1. “The Ordinary Trial” in Hobbins (ed.), The Trial of Joan of Arc, pp. 118-178.

**READ, pp. 118-124, SKIM articles 1-70 (pp. 124-155), READ pp. 157-178**

Feb. 26: Joan’s Recantation, Relapse and Execution

In your opinion, did her punishment fit her crimes? Consider the criminalization of her cross-dressing and idolatry. What were the boundaries of gender and sexuality that women were expected to respect? How did certain women, such as Joan, successfully transgress these boundaries? How did Joan’s accusers use her transvestism as a religious sin, if not a social threat? In your opinion, does Joan’s relapse show a weakness of character?

Class reading:      1. Taylor, chs. 8&9 (pp. 139-171) and finish The Trial, pp. 178-203

  1. Bonnie Wheeler, “Joan of Arc’s Sword in the Stone” (on BB)
  2. Scenes from “The Passion of Joan of Arc” (1928) directed by Theodore Dreyer

 

Joan Redeemed: Rehabilitation, Canonization, and Legacy

Feb. 28: Vindicating the mission and person

What inspired the rehabilitation trial of Joan of Arc? How was it successful?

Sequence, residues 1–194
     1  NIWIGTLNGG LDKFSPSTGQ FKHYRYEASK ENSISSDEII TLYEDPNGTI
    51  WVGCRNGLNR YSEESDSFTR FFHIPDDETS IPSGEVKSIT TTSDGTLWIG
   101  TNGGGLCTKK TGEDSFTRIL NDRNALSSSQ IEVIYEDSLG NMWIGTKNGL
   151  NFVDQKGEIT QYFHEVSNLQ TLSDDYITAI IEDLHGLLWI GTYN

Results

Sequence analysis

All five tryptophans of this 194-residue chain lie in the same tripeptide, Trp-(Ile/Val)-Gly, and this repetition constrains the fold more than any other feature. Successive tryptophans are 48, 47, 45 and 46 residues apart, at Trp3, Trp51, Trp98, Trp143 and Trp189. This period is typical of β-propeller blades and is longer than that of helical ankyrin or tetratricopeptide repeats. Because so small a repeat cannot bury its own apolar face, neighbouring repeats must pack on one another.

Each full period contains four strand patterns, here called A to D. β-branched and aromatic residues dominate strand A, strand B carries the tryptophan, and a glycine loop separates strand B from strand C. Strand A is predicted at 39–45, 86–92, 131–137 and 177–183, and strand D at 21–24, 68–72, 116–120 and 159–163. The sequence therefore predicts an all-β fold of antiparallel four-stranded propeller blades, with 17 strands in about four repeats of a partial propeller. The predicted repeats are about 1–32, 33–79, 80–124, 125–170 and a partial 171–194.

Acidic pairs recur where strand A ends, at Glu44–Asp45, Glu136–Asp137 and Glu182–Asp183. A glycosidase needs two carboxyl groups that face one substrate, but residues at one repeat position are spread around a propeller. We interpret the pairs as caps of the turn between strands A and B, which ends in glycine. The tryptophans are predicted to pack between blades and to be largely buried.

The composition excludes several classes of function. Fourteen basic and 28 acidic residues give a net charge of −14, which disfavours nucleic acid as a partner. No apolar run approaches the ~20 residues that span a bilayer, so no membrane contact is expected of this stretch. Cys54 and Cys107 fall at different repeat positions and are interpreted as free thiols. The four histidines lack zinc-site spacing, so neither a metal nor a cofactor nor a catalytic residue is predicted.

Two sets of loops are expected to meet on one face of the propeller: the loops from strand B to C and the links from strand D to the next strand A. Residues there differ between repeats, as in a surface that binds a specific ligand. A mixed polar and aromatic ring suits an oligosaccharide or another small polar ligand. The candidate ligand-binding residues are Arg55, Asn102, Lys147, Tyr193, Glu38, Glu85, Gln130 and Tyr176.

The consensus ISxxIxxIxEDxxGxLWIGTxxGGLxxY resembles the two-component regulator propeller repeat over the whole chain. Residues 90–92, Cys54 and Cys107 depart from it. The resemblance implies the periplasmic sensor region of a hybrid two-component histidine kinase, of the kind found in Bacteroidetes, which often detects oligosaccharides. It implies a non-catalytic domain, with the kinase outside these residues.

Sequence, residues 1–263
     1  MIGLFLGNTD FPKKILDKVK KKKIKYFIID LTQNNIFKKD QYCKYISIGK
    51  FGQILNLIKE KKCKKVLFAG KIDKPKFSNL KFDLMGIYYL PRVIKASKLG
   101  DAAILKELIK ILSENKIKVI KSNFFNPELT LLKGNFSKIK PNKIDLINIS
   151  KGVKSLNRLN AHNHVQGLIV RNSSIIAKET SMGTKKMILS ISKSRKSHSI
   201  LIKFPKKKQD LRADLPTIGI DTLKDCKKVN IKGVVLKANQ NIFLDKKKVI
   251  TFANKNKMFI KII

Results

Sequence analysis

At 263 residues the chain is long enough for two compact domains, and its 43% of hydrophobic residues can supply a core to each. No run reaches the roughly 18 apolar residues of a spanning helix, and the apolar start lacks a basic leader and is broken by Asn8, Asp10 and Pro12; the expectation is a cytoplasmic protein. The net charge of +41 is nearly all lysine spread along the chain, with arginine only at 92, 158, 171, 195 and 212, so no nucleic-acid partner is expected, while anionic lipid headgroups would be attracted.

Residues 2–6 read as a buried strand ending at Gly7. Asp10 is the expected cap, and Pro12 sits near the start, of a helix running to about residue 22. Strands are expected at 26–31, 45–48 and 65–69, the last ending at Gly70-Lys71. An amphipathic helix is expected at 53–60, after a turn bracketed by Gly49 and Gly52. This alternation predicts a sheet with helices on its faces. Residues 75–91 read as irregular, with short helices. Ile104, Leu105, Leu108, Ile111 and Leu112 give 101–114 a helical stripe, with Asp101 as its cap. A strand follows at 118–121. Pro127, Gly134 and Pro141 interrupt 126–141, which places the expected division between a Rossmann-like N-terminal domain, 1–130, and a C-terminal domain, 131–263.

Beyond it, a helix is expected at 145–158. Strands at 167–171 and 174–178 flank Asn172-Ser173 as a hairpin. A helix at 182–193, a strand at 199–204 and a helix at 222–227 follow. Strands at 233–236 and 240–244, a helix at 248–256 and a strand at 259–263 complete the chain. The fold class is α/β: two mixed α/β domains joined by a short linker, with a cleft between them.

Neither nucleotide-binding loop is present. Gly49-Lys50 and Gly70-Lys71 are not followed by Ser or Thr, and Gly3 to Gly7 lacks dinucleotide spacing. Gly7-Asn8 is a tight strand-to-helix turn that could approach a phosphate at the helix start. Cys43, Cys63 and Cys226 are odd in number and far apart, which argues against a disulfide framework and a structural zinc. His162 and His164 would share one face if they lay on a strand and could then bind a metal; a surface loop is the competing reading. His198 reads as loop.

Class reading: 1. Taylor, ch. 10 and Epilogue (pp. 172-190)

  1. The Trial, pp. 204-218
  2.  Jane Marie Pinzino, “Speaking of Angels: A Fifteenth-Century Bishop in Defense of Joan of Arc’s Mystical Voices” (on BB)

Mar 5: Nineteenth and Twentieth Century Representations of the Maiden Warrior

Class reading:      1. Dolgin, “Divine Threads: The Canonization in Context” (on BB)

  1. Nadia Margolis, “The Joan Phenomenon and the French Right” (on BB)

 

Marie-Antoinette the Blue-Blooded

Mar. 7: Antonia’s Beginnings at the Hapsburg Court

What were the greatest aspirations for the young duchess, given all that was available to her? How do you characterize the designs that her mother, Maria-Theresa, had for her? Which interests did Maria-Theresa’s serve when choosing a spouse for her daughters?

Class reading:      1. Evelyn Lever, Marie Antoinette: The Last Queen of France, Chs. 1-3 (pp. 3-26)